Re: There is No Altruism

From: Chris Capel (
Date: Wed Mar 23 2005 - 15:22:36 MST

> David Massoglia wrote:
> >His view is basically that people are motivated by self-interest to feel
> >good. He calls this view "me-first, feel-good". He basically states that no
> >one does anything, ever, for altruistic purposes. The only sacrifice anyone
> >chooses, ever, is that of one value or facet of his psyche in favor of
> >another. Thus, your only motivation is to please yourself or avoid something
> >worse.

Hmm. Well, how are we defining altruism here? If you say that altruism
is acting against your own self-interest to benefit others, then you
have a point. That definition breaks down under close scrutiny. So
let's replace it with a more robust definition:

Altruism is a quality that some people attribute to others, the
altruists, to explain their actions. The others, which we may call
altruists, have unusual value systems which cause them to act in ways
which, to non-altruists, seem to go against the self-interest of the
altruist. This is often because the actions of the altruist benefit
others at the expense of some sort of societal success indicator, such
as money, popularity, or free time, which are held to be more valuable
by most people than the group which is benefitting from the altruist's
actions. But the altruist is still acting purely in his own
self-interest, from a behavioral point of view. The altruist himself
my agree with this assessment, or he may agree with other people. In
either case, the altruist holds two different value systems in mind.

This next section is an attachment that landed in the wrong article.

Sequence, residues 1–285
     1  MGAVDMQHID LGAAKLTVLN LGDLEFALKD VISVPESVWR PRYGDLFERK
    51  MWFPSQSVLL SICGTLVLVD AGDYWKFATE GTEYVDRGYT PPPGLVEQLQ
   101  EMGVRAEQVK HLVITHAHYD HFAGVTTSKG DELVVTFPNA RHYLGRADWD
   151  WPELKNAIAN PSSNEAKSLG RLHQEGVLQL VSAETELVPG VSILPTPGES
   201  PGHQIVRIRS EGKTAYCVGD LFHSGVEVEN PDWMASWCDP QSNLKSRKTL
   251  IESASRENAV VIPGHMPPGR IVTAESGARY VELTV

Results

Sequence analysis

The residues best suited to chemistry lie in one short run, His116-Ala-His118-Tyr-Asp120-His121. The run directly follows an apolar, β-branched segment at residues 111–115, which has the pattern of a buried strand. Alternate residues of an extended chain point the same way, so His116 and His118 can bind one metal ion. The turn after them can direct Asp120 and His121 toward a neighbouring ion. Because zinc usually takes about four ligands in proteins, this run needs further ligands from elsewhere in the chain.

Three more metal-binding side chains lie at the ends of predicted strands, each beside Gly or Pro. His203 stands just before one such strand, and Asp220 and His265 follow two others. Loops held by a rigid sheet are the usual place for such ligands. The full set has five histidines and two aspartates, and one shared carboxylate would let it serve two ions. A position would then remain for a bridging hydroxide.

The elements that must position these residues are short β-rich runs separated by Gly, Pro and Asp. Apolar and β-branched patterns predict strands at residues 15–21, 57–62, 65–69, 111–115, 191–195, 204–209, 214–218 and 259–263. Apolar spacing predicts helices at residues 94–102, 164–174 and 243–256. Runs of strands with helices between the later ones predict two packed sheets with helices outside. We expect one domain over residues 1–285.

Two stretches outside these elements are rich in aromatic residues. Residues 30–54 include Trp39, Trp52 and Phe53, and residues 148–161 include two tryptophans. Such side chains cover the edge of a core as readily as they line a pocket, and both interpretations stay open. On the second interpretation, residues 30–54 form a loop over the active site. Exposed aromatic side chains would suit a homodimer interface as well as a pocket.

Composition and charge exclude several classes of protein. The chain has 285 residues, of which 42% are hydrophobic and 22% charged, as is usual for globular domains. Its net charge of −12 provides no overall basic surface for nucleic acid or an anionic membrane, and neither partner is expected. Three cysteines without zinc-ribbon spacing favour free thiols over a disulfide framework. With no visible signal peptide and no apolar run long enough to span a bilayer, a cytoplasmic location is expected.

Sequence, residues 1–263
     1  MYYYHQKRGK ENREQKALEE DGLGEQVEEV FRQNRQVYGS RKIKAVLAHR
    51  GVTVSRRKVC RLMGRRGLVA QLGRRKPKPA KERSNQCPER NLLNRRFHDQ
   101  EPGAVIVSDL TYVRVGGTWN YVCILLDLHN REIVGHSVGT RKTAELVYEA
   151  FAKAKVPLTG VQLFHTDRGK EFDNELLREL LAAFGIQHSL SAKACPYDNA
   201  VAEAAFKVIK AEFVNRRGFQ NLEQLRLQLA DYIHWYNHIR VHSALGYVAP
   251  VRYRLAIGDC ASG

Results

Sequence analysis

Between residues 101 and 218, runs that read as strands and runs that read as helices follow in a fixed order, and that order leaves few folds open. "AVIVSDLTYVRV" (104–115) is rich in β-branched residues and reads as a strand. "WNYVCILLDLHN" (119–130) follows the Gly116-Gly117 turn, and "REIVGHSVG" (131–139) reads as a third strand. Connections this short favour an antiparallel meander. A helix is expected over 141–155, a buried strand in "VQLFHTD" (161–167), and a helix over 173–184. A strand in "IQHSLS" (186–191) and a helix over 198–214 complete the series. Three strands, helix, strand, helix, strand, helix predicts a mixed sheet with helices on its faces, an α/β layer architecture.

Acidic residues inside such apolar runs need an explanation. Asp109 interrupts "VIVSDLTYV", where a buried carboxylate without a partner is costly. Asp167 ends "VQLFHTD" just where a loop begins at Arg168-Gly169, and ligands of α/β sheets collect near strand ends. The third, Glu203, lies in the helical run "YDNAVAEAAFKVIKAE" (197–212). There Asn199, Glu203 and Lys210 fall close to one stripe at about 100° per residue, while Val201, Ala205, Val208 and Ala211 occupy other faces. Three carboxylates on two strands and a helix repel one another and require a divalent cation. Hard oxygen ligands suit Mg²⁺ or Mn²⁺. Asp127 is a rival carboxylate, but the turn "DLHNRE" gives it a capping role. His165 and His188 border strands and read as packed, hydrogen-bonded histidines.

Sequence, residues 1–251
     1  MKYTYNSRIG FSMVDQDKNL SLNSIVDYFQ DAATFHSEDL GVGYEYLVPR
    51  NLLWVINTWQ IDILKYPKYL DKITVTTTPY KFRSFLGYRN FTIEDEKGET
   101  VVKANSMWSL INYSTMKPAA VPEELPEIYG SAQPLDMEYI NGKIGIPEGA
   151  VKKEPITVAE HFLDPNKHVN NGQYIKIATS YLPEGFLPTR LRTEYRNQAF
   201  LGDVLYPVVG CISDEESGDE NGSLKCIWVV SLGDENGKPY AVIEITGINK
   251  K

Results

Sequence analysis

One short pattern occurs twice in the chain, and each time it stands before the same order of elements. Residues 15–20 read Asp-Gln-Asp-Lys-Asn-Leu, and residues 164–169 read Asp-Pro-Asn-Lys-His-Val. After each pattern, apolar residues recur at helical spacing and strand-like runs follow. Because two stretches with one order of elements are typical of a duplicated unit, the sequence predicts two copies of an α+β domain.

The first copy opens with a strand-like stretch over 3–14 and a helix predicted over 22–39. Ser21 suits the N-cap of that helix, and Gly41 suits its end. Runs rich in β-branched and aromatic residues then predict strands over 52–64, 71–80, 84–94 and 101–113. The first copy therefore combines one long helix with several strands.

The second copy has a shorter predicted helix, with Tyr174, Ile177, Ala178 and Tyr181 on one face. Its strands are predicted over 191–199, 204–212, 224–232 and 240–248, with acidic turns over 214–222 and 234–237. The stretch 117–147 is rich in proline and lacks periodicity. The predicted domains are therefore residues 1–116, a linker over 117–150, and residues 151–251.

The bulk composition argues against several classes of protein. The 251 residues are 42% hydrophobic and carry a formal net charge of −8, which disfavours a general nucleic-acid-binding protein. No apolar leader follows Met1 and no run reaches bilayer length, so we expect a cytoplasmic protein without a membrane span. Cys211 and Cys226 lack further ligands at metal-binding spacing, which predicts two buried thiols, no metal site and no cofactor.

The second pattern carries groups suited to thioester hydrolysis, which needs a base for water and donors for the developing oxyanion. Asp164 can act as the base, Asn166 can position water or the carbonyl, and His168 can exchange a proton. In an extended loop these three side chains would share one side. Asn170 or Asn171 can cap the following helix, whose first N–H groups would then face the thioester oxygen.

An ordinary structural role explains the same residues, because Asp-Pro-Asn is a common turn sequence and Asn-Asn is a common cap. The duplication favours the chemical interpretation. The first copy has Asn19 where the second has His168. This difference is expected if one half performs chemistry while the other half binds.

He describes himself to the world using the world's value system, but
acts using his own value system. If he is especially perceptive, he
also describes himself using the value system he acts by. If so, the
label "altruist", to him, doesn't mean that he acts against his own
self-interest, but is simply a word to describe his peculiar value
system, which he is still consistent to. He may describe himself as an
altruist to identify those notable aspects of his value system, and
for no other reason.

Does anyone have a problem with this definition? I think it resolves
any difficulties.

On Wed, 23 Mar 2005 16:40:13 -0500, Ben Goertzel <> wrote:
> Purely natural-selection-based reasoning leads one to the conclusion that
> there should be no "true altruism", only apparent altruism based on obscured
> self-interest...
> But the evolution of complex forms involves self-organization as well as
> natural-selection, and it would appear that in the case of human evolution,
> self-organization has led to the creation of some "true altruism" alongside
> the copious self-interest-masquerading-as-altruism...

And this takes care of the rest of them. But I think neither my
explanation nor Ben's can describe all instances of altruistic
behaivor. My explanation may be more useful in cases where altruism is
more of a philosophy for the person, cultivated because of the
person's religious or political beliefs, and Ben's in cases where the
altruistic actions were what simply felt "right" in the circumstances.
I imagine the latter is the case often where maternal instinct comes
into play, or in other cases where limited altruism would be predicted
by game theory in the EEA. But note that people's natural humanitarian
leanings eventually have their roots in evolutionary adaptation as
well, so there is no thin line.

Chris Capel

"What is it like to be a bat? What is it like to bat a bee? What is it
like to be a bee being batted? What is it like to be a batted bee?"
-- The Mind's I (Hofstadter, Dennet)

This archive was generated by hypermail 2.1.5 : Wed Jul 17 2013 - 04:00:51 MDT